The Insidious Nature of Virtual Machine Storage

    As virtual machine software continues to proliferate throughout the enterprise, IT managers are taking note of a potentially expensive side effect: increased use of storage.

    There are two main issues with virtual machine storage. The first is that over time, virtual machine images tend to grow in size. The second issue is that virtual machine software over time will fragment a disk drive in a way that compromises I/O performance.

    Diskeeper hopes to help IT organizations deal with these issues with the release of version 2.0 of its V-locity software for defragmenting disks loaded with images from virtual machine software. The new release adds an IntelliWrite technology that defragments files before they are actually written to the disk, thereby eliminating the need to defragment disks on an ongoing basis, said Michael Materie, director of product management at Diskeeper.

    When it comes to virtual machine performance, Materie said maximizing I/O bandwidth is the primary challenge that IT organizations will encounter. In an ideal world, disk defragmentation software for virtual machines might be embedded by the providers of virtual machine software. Of course, it would be nice if the storage vendors would do it themselves, but they seem to have a vested interest in increasing the amount of storage consumed.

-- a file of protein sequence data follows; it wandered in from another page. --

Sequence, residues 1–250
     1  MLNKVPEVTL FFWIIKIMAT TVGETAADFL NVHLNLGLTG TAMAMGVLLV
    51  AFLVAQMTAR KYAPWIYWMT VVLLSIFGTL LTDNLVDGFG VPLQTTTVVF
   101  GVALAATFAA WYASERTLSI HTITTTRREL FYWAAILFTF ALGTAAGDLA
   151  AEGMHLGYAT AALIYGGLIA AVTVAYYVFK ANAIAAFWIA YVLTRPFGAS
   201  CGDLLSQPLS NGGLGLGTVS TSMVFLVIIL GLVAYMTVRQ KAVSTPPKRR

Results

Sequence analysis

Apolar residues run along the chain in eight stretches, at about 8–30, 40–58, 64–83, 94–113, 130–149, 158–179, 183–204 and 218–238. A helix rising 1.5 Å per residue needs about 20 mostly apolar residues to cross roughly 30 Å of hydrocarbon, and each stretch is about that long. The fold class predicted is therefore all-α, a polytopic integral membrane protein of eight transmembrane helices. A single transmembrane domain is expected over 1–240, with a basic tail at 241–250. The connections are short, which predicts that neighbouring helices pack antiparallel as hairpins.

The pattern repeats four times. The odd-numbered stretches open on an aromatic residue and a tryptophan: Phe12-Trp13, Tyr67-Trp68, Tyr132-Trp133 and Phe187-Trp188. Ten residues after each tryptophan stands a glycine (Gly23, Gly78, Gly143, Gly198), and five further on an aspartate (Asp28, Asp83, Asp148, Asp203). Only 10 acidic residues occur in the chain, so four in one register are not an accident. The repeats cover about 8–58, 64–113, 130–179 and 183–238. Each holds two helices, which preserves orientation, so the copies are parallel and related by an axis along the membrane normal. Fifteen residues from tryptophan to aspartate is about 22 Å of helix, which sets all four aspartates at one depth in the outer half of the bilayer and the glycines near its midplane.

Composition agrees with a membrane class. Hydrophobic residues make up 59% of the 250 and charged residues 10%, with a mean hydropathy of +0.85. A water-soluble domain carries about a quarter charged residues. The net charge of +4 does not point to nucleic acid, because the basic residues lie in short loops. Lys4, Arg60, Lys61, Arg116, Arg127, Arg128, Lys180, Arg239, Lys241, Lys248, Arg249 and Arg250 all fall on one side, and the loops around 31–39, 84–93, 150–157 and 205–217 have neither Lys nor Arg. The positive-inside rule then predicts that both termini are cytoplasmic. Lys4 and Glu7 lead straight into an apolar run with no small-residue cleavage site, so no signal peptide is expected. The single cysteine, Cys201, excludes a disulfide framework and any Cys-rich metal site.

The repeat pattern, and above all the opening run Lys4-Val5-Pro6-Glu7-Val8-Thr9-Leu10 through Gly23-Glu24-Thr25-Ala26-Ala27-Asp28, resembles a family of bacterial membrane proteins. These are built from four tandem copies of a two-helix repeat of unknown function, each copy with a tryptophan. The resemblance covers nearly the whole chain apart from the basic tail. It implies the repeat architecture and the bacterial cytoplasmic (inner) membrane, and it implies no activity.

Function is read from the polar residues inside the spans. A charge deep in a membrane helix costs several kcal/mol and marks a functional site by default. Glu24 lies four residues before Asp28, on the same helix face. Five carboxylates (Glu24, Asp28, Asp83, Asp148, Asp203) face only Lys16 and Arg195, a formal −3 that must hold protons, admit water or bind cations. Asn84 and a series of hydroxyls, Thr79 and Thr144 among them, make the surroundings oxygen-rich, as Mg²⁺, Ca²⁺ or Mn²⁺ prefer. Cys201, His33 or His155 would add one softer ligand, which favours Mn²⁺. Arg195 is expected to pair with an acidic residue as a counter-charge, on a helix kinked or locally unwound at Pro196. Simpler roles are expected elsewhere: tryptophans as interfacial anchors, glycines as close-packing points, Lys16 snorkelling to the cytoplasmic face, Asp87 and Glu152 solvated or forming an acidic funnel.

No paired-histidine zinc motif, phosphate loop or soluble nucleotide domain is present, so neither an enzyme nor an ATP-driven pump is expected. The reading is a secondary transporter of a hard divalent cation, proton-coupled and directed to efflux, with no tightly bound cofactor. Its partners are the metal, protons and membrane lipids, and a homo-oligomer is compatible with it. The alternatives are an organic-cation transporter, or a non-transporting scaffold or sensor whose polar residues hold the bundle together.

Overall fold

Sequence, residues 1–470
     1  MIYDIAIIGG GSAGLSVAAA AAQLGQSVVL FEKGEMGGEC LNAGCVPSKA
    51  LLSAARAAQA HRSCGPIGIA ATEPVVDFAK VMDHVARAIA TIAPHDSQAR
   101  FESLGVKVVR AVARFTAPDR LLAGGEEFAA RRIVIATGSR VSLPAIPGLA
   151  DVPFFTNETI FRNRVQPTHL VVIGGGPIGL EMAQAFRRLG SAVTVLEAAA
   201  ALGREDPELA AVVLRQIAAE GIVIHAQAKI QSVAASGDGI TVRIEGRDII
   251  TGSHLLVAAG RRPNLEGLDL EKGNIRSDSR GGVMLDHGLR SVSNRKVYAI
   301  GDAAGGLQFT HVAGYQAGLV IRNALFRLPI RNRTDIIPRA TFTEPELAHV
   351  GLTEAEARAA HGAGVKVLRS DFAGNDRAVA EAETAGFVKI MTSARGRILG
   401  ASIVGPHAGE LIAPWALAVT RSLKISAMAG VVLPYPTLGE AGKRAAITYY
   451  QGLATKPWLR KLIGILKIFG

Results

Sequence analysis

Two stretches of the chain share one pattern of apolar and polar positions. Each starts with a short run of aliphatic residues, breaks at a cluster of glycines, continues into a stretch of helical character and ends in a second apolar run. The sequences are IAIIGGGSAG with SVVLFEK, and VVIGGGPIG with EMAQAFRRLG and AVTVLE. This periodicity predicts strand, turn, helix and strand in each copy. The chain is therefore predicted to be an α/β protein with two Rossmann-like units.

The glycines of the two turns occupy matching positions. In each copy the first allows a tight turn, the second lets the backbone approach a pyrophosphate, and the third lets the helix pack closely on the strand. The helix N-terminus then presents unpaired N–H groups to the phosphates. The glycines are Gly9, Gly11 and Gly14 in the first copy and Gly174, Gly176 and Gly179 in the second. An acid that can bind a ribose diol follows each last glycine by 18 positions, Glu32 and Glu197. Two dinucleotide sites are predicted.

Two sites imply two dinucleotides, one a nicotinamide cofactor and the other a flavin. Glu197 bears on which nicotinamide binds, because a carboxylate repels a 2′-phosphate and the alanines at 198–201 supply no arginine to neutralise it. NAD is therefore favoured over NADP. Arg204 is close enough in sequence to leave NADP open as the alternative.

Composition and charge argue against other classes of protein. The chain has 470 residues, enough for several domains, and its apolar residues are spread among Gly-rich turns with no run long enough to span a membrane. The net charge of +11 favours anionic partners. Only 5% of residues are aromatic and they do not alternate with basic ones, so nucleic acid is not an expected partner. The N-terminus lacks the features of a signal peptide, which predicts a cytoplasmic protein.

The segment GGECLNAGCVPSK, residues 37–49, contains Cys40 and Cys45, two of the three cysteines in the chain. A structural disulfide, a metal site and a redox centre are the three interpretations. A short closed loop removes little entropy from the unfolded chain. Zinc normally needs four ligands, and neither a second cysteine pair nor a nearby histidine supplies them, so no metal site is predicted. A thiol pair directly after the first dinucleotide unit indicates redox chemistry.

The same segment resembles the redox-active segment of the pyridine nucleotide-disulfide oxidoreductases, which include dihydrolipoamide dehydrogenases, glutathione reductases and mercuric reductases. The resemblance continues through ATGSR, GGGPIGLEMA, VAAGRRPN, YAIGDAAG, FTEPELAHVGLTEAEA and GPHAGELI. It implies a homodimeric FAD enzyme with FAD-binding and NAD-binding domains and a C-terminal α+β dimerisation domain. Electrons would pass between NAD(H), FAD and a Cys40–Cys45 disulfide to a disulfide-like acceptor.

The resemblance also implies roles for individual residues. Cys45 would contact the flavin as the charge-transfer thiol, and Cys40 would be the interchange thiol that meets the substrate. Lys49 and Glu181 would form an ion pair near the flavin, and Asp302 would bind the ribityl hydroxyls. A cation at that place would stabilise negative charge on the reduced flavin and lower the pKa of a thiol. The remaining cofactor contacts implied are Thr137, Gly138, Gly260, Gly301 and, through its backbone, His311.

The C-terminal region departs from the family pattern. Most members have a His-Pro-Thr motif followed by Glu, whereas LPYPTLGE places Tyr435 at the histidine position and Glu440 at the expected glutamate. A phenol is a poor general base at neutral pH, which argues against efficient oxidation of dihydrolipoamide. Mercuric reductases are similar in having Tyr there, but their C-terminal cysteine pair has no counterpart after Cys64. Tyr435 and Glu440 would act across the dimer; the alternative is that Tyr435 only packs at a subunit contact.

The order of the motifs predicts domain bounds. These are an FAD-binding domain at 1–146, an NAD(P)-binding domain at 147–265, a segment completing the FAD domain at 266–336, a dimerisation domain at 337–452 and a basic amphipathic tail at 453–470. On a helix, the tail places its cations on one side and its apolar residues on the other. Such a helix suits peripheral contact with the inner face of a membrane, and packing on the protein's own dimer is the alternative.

It’s still relatively early days for assessing the impact of virtualization on IT infrastructure. But one thing that is for certain is that storage arrays are a finite resource, and the more operating systems that access that storage, the more limited that resource becomes.

    Mike Vizard
    Mike Vizard
    Michael Vizard is a seasoned IT journalist, with nearly 30 years of experience writing and editing about enterprise IT issues. He is a contributor to publications including Programmableweb, IT Business Edge, CIOinsight and UBM Tech. He formerly was editorial director for Ziff-Davis Enterprise, where he launched the company’s custom content division, and has also served as editor in chief for CRN and InfoWorld. He also has held editorial positions at PC Week, Computerworld and Digital Review.

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